In most cases women are surprised and dismayed when their Pap test returns as anything other than normal, and questions abound. Here are just a few of the most common concerns women have regarding HPV and abnormal Pap smear results.
“My practitioner found an abnormal Pap, positive for ‘high-risk HPV,’ and this has me very worried. She sent me to another doctor for a colposcopy, but nothing was found, then he sent me back to the nurse practitioner for follow-up Pap smears. Now what?”
This series of events sound appropriate. Not all clinicians are skilled in colposcopy, so sometimes you have to be sent to a specialist for an advanced testing procedure. The colposcopy findings are reassuring, however — in your case, either the Pap smear was a bit of a false alarm (which is not uncommon), or your body is doing a good job of taking care of the HPV virus you’ve been exposed to. It is important for you to continue the follow-up process as directed by your healthcare practitioners, to verify that the cellular changes remain resolved over time. Nutrition and self-care measures to shore up your immune system are likewise important, as discussed in our article, to promote continued healing.
“I’ve had genital warts and was told they were caused by HPV, so does this mean I will get cervical cancer? I have never had an abnormal Pap test.”
The strains of HPV associated with genital warts are not generally or exclusively high-risk strains associated with cervical cancer. However, a practitioner cannot know for certain how many strains of the virus you have possibly been exposed to, nor the strains to which you may be exposed in the future. So good health and prevention is key. Some research supports the premise that an effective immune response is triggered by using the topical wart treatment known as Aldara (imiquimod). This may be one of the most ideal treatment measures we currently have for warts, and it may also confer an element of protection from the high-risk HPV strains.
“How did I get the HPV virus and an abnormal Pap test? — I practice safe sex with condom use every time!”
HPV virus can be harbored anywhere within the genital region, and condoms cover only a portion of the penis. So in most cases, there is extensive genital contact beyond the condom, allowing the virus to be transmitted very easily. Safe sex is still important to prevent transmission of other STD’s, but an open and honest discussion regarding both party’s sexual history and the topic of STD’s prior to having sex is a very wise measure.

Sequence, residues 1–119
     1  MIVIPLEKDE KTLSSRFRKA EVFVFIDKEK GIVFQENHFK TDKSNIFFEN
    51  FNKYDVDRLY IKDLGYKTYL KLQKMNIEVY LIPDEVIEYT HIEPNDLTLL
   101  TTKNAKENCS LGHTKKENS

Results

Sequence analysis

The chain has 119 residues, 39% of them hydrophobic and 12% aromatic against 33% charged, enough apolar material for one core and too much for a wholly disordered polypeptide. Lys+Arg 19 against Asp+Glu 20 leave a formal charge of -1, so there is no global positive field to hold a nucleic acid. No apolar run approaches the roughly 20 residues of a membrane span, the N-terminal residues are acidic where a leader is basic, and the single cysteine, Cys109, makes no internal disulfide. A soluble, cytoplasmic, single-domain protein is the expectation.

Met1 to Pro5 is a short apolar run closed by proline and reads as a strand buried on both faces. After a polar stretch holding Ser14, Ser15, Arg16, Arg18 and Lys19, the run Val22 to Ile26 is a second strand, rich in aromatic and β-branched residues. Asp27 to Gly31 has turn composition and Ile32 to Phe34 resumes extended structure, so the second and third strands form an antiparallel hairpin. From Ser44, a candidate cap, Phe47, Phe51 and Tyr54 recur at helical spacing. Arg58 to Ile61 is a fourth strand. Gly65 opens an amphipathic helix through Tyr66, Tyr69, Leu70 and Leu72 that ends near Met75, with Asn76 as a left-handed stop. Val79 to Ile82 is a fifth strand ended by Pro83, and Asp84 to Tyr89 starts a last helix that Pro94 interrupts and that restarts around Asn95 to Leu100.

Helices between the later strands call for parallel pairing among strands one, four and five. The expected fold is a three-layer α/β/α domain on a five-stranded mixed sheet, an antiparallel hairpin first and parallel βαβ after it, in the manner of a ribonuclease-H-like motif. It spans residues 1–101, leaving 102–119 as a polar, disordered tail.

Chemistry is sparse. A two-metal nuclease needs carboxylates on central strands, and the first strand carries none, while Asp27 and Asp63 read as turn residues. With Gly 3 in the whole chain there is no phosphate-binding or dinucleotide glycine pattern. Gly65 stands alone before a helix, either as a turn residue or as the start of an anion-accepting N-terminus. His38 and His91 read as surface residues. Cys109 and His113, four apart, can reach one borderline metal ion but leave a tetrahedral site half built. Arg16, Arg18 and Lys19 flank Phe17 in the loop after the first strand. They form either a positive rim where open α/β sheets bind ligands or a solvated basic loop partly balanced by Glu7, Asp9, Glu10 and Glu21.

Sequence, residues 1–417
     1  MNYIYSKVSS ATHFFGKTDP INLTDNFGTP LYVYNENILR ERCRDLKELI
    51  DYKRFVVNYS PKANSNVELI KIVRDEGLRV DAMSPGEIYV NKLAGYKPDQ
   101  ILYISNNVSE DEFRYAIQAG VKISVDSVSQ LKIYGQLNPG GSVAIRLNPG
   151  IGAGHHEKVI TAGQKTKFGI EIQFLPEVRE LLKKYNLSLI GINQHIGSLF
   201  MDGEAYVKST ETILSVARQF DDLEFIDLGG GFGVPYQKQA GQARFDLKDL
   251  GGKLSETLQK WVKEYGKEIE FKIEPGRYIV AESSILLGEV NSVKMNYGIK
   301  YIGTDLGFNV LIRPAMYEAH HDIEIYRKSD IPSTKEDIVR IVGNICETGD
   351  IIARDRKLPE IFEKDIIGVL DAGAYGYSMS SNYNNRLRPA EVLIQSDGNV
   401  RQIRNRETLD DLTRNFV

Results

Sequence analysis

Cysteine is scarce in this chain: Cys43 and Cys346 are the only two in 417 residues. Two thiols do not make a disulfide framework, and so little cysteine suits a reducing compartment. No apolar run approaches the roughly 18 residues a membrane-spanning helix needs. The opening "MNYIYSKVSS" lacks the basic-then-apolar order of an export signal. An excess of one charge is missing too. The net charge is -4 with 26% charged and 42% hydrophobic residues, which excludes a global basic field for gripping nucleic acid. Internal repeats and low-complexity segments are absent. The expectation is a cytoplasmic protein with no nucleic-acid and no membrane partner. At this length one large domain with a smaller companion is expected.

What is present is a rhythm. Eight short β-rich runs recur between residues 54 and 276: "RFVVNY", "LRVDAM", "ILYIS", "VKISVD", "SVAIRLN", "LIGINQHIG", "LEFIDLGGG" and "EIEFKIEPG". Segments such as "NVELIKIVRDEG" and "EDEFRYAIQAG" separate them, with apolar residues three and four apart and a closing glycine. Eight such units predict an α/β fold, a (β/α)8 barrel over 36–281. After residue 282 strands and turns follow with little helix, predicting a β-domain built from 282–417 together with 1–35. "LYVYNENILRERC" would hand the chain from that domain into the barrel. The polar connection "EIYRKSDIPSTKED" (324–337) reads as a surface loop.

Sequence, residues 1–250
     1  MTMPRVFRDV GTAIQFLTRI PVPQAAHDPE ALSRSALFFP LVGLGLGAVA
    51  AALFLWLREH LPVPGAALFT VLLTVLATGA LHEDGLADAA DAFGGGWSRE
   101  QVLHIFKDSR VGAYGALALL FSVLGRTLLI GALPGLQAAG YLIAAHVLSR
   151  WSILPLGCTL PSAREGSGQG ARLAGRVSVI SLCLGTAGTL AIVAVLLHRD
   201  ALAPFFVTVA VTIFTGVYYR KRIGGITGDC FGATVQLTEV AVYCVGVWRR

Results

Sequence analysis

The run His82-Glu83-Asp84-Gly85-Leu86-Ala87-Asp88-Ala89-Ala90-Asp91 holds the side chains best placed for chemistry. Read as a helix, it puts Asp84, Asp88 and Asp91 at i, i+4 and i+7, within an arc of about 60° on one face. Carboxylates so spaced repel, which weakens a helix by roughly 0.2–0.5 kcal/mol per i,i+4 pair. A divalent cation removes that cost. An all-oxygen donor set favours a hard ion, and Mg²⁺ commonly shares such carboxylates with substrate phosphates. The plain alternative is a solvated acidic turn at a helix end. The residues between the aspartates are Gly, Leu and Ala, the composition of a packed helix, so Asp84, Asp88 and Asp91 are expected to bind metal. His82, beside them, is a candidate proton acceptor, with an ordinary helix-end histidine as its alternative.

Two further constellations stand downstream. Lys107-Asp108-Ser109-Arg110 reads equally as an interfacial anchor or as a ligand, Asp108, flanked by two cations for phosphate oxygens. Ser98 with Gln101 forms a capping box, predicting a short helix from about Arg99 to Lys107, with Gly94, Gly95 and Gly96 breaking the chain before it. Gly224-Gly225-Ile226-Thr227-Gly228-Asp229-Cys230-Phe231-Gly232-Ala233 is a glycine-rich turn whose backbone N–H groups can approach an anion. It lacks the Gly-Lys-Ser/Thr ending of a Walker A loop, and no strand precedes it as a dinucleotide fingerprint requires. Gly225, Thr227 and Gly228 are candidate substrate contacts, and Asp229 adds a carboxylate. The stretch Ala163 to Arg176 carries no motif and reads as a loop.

“My Pap was ‘normal,’ but it also said ‘HPV is detected,’ and to make a follow-up appointment in six months. Is that at all possible? All the information I’ve researched would have it seem that an abnormal Pap is significant if HPV is detected. My ob/gyn also told me that my husband and I can ‘resume our normal lives.’ This is puzzling, because wouldn’t that mean that we were playing ‘ping pong’ with the virus and compromising our immune systems if the virus is even present?”
The result you received is a very common finding you may be tested using newly available viral technology to detect the HPV virus itself, separate from evaluating the health or quality of the tissue cells sampled. So even if no abnormality in the cells is seen on the sample, the virus can be detected.
Different practitioners may follow slightly different follow-up algorithms with this finding, depending on whether they adhere to guidelines developed by the American College of Obstetricians and Gynecologists (ACOG), the American Society for Colposcopy and Cervical Pathology (ASCCP), or Planned Parenthood.
But in most cases this virus will clear, and your practitioner will just want to watch you a little more closely than usual, generally by retesting in six months. This is to ensure that the cervical cells indeed stay normal and that the virus hopefully becomes dormant — which means it becomes undetectable, due to the response of your healthy immune system.
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